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A look at Nate Schierholtz


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#1 Cerambam

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Posted 01 August 2013 - 01:10 PM

I originally titled this post, "A look into Nate Schierholtz" but that sounded gross.

 

Anyway, now that we haven't traded Nate, I thought I'd explore his numbers a little to see if this year is a mirage (I figured it was at very least a career year) or just a player finally putting it together given the opportunity.

 

Nate Schierholtz didn't really get any significant playing time until 2009 with the Giants where he hovered around 300 ABs/year through 2012. His numbers suggest that he actually is this good and I'll explain why. I'm going to start at the left and move across his stats comparing 2013 to the 4 year average from 2009-2012.

 

*The 09-12 row is the average from 2009-2012.

 

 

Year        PA       BA      OBP       SLG      OPS      BB%          K%      BABIP 2009 308 0.267 0.302 0.4 0.702 5.2 18.8 0.311 2010 252 0.242 0.311 0.366 0.677 7.9 15.1 0.278 2011 362 0.278 0.326 0.43 0.756 5.8 16.9 0.315 2012 269 0.257 0.321 0.407 0.728 8.6 17.1 0.292 Avg 09-12 298 0.261 0.315 0.400 0.715 6.87 16.97 0.299 2013 324 0.269 0.328 0.510 0.838 6.8 17 0.286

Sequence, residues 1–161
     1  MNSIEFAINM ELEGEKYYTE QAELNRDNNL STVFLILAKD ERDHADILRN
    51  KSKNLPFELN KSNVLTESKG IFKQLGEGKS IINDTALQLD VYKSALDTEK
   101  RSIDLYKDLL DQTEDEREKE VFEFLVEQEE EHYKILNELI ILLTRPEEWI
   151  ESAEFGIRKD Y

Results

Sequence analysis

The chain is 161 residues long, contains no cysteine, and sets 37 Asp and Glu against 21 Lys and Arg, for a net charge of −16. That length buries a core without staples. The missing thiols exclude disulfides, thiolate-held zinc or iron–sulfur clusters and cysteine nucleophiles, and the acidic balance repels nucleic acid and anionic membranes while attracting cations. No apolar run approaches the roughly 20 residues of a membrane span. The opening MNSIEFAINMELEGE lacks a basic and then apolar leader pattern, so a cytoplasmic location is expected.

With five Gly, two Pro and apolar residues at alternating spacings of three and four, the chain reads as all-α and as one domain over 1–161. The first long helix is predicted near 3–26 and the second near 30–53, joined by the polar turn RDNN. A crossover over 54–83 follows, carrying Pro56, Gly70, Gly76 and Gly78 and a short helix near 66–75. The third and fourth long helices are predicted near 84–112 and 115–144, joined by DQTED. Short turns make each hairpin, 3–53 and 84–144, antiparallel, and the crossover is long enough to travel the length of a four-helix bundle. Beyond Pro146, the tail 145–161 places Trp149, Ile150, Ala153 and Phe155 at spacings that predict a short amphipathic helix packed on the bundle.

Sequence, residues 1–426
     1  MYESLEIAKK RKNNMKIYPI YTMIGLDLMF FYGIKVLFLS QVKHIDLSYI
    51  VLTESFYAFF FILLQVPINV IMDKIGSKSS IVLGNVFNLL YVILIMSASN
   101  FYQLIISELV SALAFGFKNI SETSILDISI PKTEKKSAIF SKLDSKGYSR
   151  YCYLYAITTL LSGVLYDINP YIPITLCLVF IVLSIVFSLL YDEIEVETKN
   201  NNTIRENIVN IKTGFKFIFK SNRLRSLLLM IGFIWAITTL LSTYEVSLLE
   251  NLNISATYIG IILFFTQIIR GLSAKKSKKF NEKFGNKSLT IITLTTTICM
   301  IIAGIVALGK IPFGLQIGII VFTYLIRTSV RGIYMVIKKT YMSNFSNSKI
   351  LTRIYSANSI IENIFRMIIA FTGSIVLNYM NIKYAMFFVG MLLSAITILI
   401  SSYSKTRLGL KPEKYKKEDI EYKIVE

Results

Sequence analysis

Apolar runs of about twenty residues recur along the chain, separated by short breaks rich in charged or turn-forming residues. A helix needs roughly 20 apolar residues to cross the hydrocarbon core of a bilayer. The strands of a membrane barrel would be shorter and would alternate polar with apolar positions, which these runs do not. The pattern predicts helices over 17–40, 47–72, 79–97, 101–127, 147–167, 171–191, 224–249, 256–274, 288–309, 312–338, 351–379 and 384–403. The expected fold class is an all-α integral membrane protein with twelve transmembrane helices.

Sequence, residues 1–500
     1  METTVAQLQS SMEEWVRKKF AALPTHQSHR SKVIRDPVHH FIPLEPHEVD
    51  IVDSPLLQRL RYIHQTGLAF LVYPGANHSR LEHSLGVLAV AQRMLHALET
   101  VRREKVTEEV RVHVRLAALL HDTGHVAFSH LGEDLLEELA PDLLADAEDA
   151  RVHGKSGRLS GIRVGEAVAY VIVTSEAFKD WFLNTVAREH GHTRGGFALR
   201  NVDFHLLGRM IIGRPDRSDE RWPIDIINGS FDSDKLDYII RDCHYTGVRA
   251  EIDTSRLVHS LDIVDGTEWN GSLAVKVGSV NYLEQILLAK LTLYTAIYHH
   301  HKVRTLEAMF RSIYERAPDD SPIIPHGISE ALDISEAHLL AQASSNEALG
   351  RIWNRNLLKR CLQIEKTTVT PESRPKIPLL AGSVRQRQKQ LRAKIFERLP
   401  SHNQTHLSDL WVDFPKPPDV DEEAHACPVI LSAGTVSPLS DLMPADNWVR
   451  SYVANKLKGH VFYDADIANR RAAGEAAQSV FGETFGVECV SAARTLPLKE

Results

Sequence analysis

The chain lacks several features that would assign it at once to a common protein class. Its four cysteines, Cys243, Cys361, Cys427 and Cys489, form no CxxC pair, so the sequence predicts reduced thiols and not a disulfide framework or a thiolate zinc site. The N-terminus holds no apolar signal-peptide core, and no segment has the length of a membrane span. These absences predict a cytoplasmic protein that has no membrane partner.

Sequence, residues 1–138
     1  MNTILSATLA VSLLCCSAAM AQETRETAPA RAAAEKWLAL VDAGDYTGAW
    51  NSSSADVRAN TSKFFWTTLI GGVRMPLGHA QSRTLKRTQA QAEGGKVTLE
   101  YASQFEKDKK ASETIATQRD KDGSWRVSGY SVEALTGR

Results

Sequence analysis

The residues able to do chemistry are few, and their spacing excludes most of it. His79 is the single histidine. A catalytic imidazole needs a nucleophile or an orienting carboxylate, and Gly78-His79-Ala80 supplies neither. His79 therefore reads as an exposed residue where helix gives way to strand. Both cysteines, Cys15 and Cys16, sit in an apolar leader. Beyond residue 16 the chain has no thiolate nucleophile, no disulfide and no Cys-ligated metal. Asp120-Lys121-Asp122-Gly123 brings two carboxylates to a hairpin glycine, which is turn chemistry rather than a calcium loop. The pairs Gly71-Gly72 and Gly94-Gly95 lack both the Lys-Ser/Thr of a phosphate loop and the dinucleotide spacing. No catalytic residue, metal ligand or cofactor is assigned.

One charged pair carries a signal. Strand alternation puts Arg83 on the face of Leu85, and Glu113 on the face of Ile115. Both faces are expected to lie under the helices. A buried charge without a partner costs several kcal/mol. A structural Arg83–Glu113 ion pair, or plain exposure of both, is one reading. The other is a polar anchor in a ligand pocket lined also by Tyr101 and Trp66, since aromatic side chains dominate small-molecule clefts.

Year        PA       BA      OBP       SLG      OPS      BB%      K%      BABIP              2009       308     .267     .302       .400     .702        5.2        18.8      .311 

2010        252     .242     .311      .366      .677        7.9        15.1      .278

2011        362     .278     .326      .430      .756        5.8        16.9      .315

2012        269     .257     .321      .407      .728        8.6        17.1      .292

09-12       298     .261     .315      .400      .715       6.87      16.97     .299

2013        324     .269     .328      .510      .838         6.8        17.0     .286

 

 

1) First and foremost, the number of PAs in the average compared to 2013 are nearly identical. This makes this study pretty significant and applicable.

 

2) Nate's BA is up 8 points and is essentially in line with his career numbers

 

3) Because his BA is up a little bit, his OBP is up slightly as well. Though neither of these are too statistically outlandish.

 

4) The SLG % is the first and only outlier for Nate Schierholtz. We can expect some regression here, but remember, Nate is in his prime and only just recently was allowed to play this much. 

 

5) Encouragingly, Nate's BB% and K% are nearly identical to his MLB career averages. K% and BB% are often the most telling stats for future performance. So, it is not like all of a sudden he is just getting lucky and walking way more or K-ing way less.